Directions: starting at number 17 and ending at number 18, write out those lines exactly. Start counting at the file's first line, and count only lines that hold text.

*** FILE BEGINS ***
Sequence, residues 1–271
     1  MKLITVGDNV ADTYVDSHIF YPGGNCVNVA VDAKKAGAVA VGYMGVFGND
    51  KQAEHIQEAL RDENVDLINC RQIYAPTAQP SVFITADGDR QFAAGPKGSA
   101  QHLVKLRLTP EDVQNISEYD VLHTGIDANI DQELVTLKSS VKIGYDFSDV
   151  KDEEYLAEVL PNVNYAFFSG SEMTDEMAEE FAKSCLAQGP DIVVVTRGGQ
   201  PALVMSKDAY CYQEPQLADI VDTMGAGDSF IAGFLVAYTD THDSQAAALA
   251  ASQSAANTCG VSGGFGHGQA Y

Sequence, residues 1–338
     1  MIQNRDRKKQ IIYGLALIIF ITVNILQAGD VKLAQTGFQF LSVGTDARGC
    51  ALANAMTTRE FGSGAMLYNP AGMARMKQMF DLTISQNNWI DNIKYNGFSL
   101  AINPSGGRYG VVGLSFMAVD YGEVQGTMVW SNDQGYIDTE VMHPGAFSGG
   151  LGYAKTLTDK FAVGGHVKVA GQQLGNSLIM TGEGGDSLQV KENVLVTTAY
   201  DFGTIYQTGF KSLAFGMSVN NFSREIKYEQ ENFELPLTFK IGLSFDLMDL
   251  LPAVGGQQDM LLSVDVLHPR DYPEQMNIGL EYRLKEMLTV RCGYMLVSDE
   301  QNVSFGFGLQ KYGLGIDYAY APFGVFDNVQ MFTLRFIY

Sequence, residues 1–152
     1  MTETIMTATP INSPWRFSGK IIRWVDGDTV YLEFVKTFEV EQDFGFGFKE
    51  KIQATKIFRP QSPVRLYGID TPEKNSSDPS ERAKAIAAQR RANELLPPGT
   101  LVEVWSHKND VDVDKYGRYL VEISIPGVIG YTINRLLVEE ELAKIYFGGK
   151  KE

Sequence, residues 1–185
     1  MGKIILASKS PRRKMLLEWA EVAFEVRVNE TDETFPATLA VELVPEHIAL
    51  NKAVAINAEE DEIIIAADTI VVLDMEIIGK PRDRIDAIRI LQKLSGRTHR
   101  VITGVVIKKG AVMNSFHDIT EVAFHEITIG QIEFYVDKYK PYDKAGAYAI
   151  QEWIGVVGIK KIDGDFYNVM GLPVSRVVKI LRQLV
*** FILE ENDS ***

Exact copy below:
     1  MTETIMTATP INSPWRFSGK IIRWVDGDTV YLEFVKTFEV EQDFGFGFKE
    51  KIQATKIFRP QSPVRLYGID TPEKNSSDPS ERAKAIAAQR RANELLPPGT